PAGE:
John Peel loved his techno records, and as the nineties took hold he began to drop them more into his programmes, to the chagrin of a section of his indie followers, no doubt, who’d prefer him to play nothing but Wedding Present and Pixies soundalikes (at least until an LP came along by the actual Wedding Present and Pixies). I wasn’t one, as before too long– after originally tuning in to hear Wedding Present and Pixies– I soon took these mysterious and most happening techno tunes into my world, and over the coming years would forego many a Friday or Saturday night down the pub– dancing to the music of the Stone Roses and Smiths whilst getting knocked back by countless gals–, in order to sit in and listen to these mighty beasts. As well as the comforting, dulcet-yet-anxious tones of Mr Peel, of course.
It was quite time-consuming trying to get as much of this stuff onto C90s as humanely possible. (in fact much more than the 90 minutes that was marked on the box). Unfortunately, jotting down any producers or acts involved was never really considered. At least not for long. Even track titles. Finding some of this info online since has helped massively, as well as led to some little surprises and memory jolts.
Lunatic Asylum — The Exodus
Released via Headshot early part of 1993, ‘the Exodus’ is purely magical, no question about it. Not much paradise to be had in a lunatic asylum but we’ll forgive them that odd contradiction.
Harpoon — Pine
One of the more interesting finds has been the track ‘Pine’ by Harpoon that John played around April 1994. It turns out that Tom Rowland (who would later in the same year release his first stuff as one half of the Dust Brothers–nee- Chemical) had a big hand in its production. (Although just how big his hand is I’m not entirely sure). In hindsight, I guess it does sound a bit Chems-y. Small world and all that. Find the track in question beginning at around the six-minute mark here. Props find.
Alcatraz — Peyote
‘Peyote’ came out in 1992 but i think John played it early the following year, describing it as perfect to have on whilst relaxing in the bath, or something. It’s a bit of a tribal-‘n-trippy friendly techno beast. It plays like a techno equivalent of a native American filmic masterpiece, revealing itself slowly and intriguingly, back and forward. Above all, the thing still stands up today most impressively.
Zimt — Better Than Your Dream
This dreamy little number released outta lovely Belgium late 1992, via Outrage.
Capricorn — 20 Hz
Likewise ’20 Hz’ by Capricorn. I remember John playing this around the same time (or maybe this was the bath friendly tune? hmmm… ). Again, it’s similar in that it features a timeless communal slant, multiple-player drumming, a straight-up beat, swirling notes, synthy bells, and a surefire uplifting rhythm. Okay, I’m beginning to ramble. Top tunage, though.
150 Volts — Hi, I’m Chucky
There was, if you recall, an unwholesome news story associated with this one that, unfortunately, has taken the edge off the track somewhat. The ragga rave-up and dark slant here make ‘Hi I’m Chucky’ a minor classic of its time. Sadly, a listener emailed during John’s last ever show, asking if the top man recalled this very track, and if John did uncover the 12″ could he feature it at some point when he returned from holiday. John indeed said he’d look for it, and hopefully play it when he returned.
QA 0-127 — Multi-Colored Diodes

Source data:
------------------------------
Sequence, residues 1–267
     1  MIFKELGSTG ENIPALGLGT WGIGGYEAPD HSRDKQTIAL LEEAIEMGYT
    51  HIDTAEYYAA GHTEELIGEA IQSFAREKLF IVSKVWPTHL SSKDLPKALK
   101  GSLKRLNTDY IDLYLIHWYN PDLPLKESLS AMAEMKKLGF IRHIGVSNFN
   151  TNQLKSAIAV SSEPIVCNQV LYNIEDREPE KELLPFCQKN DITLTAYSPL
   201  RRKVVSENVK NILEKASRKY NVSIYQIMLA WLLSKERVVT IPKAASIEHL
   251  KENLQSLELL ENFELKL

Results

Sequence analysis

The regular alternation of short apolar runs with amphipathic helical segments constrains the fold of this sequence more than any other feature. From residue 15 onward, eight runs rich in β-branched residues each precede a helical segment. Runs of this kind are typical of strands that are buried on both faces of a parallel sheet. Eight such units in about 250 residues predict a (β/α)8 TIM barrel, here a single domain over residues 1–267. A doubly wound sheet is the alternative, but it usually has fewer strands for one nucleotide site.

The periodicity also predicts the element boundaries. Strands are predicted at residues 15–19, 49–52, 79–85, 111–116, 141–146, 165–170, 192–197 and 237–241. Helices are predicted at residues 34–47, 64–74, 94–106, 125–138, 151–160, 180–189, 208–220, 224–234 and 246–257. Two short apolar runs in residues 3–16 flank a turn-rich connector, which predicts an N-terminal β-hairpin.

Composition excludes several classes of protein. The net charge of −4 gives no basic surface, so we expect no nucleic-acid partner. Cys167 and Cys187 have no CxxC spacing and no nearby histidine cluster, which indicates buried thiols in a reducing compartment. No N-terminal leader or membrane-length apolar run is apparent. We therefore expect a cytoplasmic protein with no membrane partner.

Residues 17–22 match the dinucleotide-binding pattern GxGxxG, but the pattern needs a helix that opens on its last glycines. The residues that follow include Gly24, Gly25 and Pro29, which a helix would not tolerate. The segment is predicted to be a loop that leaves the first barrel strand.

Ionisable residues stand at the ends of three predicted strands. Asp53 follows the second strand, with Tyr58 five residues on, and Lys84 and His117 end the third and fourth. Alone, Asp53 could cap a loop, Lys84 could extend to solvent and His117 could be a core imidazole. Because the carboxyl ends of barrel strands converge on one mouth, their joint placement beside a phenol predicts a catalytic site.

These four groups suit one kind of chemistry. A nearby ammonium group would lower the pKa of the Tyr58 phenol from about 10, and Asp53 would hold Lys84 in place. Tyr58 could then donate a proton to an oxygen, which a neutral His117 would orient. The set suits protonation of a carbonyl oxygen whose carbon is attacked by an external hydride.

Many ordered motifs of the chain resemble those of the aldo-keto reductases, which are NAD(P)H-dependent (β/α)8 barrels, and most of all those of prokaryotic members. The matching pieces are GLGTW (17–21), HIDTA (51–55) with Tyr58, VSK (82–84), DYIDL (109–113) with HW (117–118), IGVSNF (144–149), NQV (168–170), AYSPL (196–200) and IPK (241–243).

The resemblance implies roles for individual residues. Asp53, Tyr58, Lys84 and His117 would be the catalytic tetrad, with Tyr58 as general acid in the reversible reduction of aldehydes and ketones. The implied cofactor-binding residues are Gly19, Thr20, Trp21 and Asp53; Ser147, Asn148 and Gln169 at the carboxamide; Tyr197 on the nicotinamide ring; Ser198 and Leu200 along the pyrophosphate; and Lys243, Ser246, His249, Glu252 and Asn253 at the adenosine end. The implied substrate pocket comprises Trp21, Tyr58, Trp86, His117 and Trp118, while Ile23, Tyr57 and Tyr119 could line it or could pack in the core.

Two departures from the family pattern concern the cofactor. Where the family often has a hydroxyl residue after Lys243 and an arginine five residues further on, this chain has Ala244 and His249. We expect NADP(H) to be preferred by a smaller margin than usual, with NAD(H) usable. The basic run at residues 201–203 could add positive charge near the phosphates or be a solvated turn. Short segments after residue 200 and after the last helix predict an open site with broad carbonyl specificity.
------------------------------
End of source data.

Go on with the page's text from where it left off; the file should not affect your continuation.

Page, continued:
‘Multicoloured Diodes’ is one of the more obscure tracks that I recall walking the streets with in my ears, playing on a loop. (okay, that was kind of tricky on a Sony Walkman cassette player but, believe me, if i could have i would have). This would’ve been May / June 1994, just as the rest of you were listening to nothing but those first Oasis singles. Anyhooz, recently– and finally!– uncovered this on YouTube. Though still not sure how. F*ckin’ love this tune!
Dhss — Hutch Barn
Progressive trance is how this music is usually referred. Also a popular jig at certain festivals. John played lots of this stuff at the time, and i purchased several compilations put out by various labels. the tracks were usually about between eight and ten minutes long, and I gorged on every last minute. Almost. Just love the way it pushes along, subtly changing all the way. Quite uplifting sounds too.
New Decade — Statue of Gold
Pete Smailes from Essex was the bloke behind the hard trance goodness of his New Decade pseudonym. The seriously mighty 1992 tune ‘Statue of Gold’ still stands up the hairs on my neck– and John was a big lover of the track, too. It’s that powerfully hammering house-y piano bit, especially. Emo techno, anyone? We salute you.
4 Voice — Catching the Scent
Not sure what genre this is, exactly; trance-y house? Another corker though, and another released in 1993, and another life affirming slice of almost otherworldly, busy, beautiful, racing techno. 4 Voice included among its production setup one Pete Namlock, who passed away in 2012.
Fix — God’s House
House of Limbo was a cracking label around the mid-90s, a sharp and deep house imprint. ‘House of God’ was arguably its classicist tune from the period. The way it reaches that peak around the four-minute mark. Wowee! This one really calls for your dancing shoes.
Safe Deposit — You Can’t
Do not attempt to act in a rational manner. You can’t. This beaut put out in 1995, and found on Network Analysis vol. 1.
And finally, here John plays a top trance track in 1993 that he knows nothing at all about. Is this at the wrong speed? Quite possibly; but 1, it is kinda appropriate, and 2, it sounds bloomin’ blinding at this speed. In other words, John called it correctly (again). This track gets more and more mental, and crucial, as it kicks on. Again, this ‘un still sounds fresh.